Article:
Editor’s note: This review is part of our series on the top 10 smartphones released this year. The series was designed to explore how business users can be productive with these devices, and how they can take advantage of the devices’ features during the workday.

 

This is part 2 of our review of the iPhone 6. This section of the review focuses exclusively on the iPhone 6’s camera.

To read part 1, which looks at the phone’s hardware and design, head on over here. 

And for part 3, which looks at the phone’s operating system, iOS 8, go here. 

 

The camera hardware on the iPhone 6 has not changed significantly from the hardware that came with the iPhone 5S. It still uses an 8 megapixel (MP) BSI Sony sensor, which may be a disappointment for those hoping Apple would upgrade its resolution to match the 13 to 20 MP cameras found on many Android phones. It also has the same f/2.2 aperture and five-element lens.

There is a good reason though for Apple to stay with a comparably lower MP count than its competition – pixel size. Since a smartphone camera sensor is limited in physical size due to the small amount of space available to the camera module, the lower the MP count is, the bigger the pixel size is on it. The pixels on the iPhone 6 are quite big for a smartphone at 1.5µ (like the iPhone 5S’), which substantially improves performance in low light.

Despite the pixel size not changing from the 5S, Apple has upgraded one aspect of the sensor by adding what they are calling ‘Focus Pixels.’ This addition translates to the iPhone 6 camera having phase detection autofocus, making focusing on the 6 noticeably faster than the 5S and comparable to that of the top Android phones. Phase detection also allows for continuous autofocus in videos, which is a big bonus.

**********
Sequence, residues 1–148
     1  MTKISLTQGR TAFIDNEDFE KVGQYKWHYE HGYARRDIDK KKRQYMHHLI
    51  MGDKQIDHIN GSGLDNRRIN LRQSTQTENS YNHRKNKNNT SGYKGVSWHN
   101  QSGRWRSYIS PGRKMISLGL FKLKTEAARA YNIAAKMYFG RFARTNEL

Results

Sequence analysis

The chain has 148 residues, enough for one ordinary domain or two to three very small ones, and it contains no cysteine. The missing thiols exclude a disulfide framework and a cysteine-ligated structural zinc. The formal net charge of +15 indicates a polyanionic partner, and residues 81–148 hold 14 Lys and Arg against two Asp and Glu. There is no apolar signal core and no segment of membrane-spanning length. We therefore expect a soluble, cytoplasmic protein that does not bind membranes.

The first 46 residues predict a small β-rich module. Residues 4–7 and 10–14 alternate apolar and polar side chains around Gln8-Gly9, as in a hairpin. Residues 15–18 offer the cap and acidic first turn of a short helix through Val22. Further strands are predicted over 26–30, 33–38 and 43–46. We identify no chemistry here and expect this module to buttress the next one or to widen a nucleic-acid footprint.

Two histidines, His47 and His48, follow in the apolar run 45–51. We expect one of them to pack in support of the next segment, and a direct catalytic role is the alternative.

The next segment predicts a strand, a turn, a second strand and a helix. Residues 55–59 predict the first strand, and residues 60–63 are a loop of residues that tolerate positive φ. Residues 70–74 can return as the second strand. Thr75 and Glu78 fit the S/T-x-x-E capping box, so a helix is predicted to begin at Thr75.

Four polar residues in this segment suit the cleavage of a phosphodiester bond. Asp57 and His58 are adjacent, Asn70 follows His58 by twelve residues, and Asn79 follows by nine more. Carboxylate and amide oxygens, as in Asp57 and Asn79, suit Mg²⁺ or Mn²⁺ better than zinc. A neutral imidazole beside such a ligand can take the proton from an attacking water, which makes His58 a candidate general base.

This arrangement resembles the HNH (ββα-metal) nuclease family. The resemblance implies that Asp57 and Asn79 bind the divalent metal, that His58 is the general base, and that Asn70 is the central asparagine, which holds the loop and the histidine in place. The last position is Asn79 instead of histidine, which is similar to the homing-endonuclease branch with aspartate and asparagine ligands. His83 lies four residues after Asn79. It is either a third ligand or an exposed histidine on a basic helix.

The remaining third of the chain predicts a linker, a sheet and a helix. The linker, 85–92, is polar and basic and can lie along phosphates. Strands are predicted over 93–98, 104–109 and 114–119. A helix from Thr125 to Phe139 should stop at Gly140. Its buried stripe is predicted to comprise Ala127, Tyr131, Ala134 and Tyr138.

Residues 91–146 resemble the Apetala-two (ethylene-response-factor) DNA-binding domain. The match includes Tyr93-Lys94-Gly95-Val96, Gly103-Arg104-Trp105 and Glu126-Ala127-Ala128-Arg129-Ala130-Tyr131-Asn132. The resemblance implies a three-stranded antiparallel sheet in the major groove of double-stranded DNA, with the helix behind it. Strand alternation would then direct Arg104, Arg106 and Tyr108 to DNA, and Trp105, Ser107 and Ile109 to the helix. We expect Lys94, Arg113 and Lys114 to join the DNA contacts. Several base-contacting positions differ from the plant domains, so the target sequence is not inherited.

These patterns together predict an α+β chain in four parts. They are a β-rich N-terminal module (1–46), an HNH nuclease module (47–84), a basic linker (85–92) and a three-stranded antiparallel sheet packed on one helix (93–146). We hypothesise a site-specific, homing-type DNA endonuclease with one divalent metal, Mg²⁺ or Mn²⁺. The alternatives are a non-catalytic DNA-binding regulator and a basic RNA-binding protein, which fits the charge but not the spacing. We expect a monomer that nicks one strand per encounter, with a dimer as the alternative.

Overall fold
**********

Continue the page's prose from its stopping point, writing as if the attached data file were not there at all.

The A8 SoC also has a new, faster image signal processor (ISP), which helps with the focus speed, effects like HDR, and enhances noise reduction for better low light photographs.

One hardware feature that is missing (that is found on the larger iPhone 6 Plus) is optical image stabilization (OIS). Since we are pretty sure there was no technical reason OIS could not have been included on the 6, the decision must have purely been for cost and to further differentiate the Plus from the regular model.

The front-facing camera, while still only 1.2 MP, has been improved to have a better f/2.2 aperture – the 5S’ was f/2.4 –  which means the FaceTime experience in low light is going to be much improved.

 

iPhone_6_camera UI_

 

The camera interface (shown above) on the iPhone 6 has not changed much from that on the iPhone 5S, which is a good thing. The simplicity of the iPhone camera UI is one of its strengths, especially for business users.

The iPhone still does not have a lot of different camera settings you can adjust, unlike many of its Android competitors (some of which have too many adjustable settings). For still photos, the only adjustments you can make are to turn the flash on or off, turn HDR on or off, and new to iOS 8,set a timer There are no manual controls, other than being able to adjust exposure compensation by sliding your finger up or down the screen.

The only camera modes the iPhone 6 has are being able to change the image aspect ratio to ‘square’ (handy when shooting for Instagram) and a panoramic mode. The latter mode has been substantially upgraded on the iPhone 6, shooting 43 MP images vs. the 28 MP of the 5S.